Using open source software for anything can, at times, be tricky. Mostly that stems from the fact that everyone follows Microsoft, even though not everyone can afford their programs. I won’t get too deep into the whole open versus closed software debate here, although I am clearly opinionated on the whole topic. Everyone has their own reasons for wanting to use open source software, ranging from hate of Microsoft, to just wanting an inexpensive way to do things. Anyone who knows me knows I both hate Microsoft, and hate paying bloated prices for software.
Here’s the template I used for my book Confessor. Credit goes to its main author, http://blog.edwardmgrant.com/?p=872
This is only for CreateSpace use, I’ll go into Kindle formatting in a different post. While this template only says it’s for 5×8, I found it easy enough to change the page size and gutter. I matched the gutter to CreateSpace’s MS Word template (which doesn’t work well in LibreOffice, the main reason I went with this template) and had no issues. On Edward’s blog, he lists directions that have to be followed in order for it to work. It took me a little bit to figure out how it worked. Basically the template comes with styles, so here’s a walk through on how it works.
Here’s what the title page looks like. You just change the title to whatever you want, change the font, etc. Same with the stuff on the left.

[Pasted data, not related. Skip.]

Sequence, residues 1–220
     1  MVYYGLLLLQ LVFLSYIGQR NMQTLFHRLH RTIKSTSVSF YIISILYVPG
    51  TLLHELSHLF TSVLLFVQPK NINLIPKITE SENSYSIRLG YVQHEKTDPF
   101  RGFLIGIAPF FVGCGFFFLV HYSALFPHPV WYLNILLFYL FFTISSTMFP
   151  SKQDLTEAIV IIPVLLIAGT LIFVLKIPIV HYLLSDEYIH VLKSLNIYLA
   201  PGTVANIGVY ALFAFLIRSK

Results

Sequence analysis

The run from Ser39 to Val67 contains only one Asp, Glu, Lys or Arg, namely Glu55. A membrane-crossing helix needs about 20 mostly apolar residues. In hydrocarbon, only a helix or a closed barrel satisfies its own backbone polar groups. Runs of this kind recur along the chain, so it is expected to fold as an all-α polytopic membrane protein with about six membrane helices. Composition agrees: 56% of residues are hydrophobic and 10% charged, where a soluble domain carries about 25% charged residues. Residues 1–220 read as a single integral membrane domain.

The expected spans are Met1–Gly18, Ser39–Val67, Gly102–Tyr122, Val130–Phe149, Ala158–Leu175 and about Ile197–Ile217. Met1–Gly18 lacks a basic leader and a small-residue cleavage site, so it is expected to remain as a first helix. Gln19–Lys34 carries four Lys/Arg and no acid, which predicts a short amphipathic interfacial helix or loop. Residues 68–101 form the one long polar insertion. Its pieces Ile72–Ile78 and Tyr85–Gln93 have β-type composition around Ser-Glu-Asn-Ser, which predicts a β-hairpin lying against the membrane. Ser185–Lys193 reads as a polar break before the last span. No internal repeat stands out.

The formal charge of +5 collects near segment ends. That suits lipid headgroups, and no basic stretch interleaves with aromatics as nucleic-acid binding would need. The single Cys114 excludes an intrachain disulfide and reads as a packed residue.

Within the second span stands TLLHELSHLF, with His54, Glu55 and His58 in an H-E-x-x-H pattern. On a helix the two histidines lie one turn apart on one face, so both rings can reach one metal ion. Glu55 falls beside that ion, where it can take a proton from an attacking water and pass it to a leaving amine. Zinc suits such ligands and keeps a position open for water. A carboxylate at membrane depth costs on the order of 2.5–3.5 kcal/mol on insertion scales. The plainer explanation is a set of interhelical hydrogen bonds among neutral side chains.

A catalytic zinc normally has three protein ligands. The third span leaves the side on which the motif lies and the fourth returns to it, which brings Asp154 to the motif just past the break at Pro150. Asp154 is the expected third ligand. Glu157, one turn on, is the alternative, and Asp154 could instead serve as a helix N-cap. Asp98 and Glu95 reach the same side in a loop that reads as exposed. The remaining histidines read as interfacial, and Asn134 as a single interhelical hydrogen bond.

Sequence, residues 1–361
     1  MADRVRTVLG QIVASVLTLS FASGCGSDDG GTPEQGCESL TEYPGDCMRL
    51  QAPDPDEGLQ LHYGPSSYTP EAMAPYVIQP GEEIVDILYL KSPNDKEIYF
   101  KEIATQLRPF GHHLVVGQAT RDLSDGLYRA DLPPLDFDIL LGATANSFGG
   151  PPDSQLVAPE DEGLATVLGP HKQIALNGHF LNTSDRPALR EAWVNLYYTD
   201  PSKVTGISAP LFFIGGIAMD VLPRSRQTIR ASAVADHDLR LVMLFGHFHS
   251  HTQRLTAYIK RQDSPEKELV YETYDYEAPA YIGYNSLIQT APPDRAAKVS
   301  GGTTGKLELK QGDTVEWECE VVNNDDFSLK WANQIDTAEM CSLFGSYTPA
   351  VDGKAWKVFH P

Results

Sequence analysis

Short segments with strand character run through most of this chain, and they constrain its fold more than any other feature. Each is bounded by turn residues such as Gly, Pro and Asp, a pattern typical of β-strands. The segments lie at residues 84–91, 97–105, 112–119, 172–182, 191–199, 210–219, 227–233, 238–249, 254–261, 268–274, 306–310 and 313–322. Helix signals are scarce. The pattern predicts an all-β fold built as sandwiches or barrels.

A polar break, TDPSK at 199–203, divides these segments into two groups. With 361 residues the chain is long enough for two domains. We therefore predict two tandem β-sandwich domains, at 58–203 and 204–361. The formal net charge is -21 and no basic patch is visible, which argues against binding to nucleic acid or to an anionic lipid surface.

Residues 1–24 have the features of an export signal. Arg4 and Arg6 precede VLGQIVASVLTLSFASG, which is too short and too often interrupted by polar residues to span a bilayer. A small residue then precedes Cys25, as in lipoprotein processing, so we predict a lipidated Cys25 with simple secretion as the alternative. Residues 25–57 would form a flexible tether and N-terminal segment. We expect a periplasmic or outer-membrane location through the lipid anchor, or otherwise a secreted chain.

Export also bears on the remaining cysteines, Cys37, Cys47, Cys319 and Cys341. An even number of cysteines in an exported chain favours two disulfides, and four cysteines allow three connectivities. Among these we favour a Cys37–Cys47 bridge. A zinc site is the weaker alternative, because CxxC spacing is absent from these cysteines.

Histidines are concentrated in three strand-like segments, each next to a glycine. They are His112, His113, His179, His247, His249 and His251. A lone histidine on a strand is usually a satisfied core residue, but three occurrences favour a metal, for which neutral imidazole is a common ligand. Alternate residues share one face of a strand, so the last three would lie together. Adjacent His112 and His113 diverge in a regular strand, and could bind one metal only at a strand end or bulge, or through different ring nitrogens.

For the first two chapters, you just copy your own text, highlight the “your text here” text, and paste over it. Easy enough. Again, change the chapter heading to whatever font you want, rename it to One, ONE, chapter 1, whatever.
At the end of your chapter 2 text, leave your cursor at the end of it and, at the top of the page, navigate to Insert>manual break>page break, then click OK.
This is where the page styles come in. On the new blank page, right-click and select Paragraph. This window will pop up. Select the Text Flow tab, then make sure the Insert and With Page Style are checked. Then in the drop box under the type, select First Page Of Chapter. Then commence copy and pasting your next chapter in.
Repeat this step with every chapter.
Stay tuned for my (hopefully) next post on formatting for Kindle. I also tried some specialty things, like using jpegs for chapter headers, but I’m still waiting for proofs to see how they turn out. I’ll keep you posted.
That’s all there is to it. Most of what I’ve read on formatting seems to either assume you’re a rocket scientist, or a programmer. This way, you don’t need to be either. Feel free to check out the template and post your questions/comments below. Don’t forget to check out Edward’s blog as well. Happy formatting!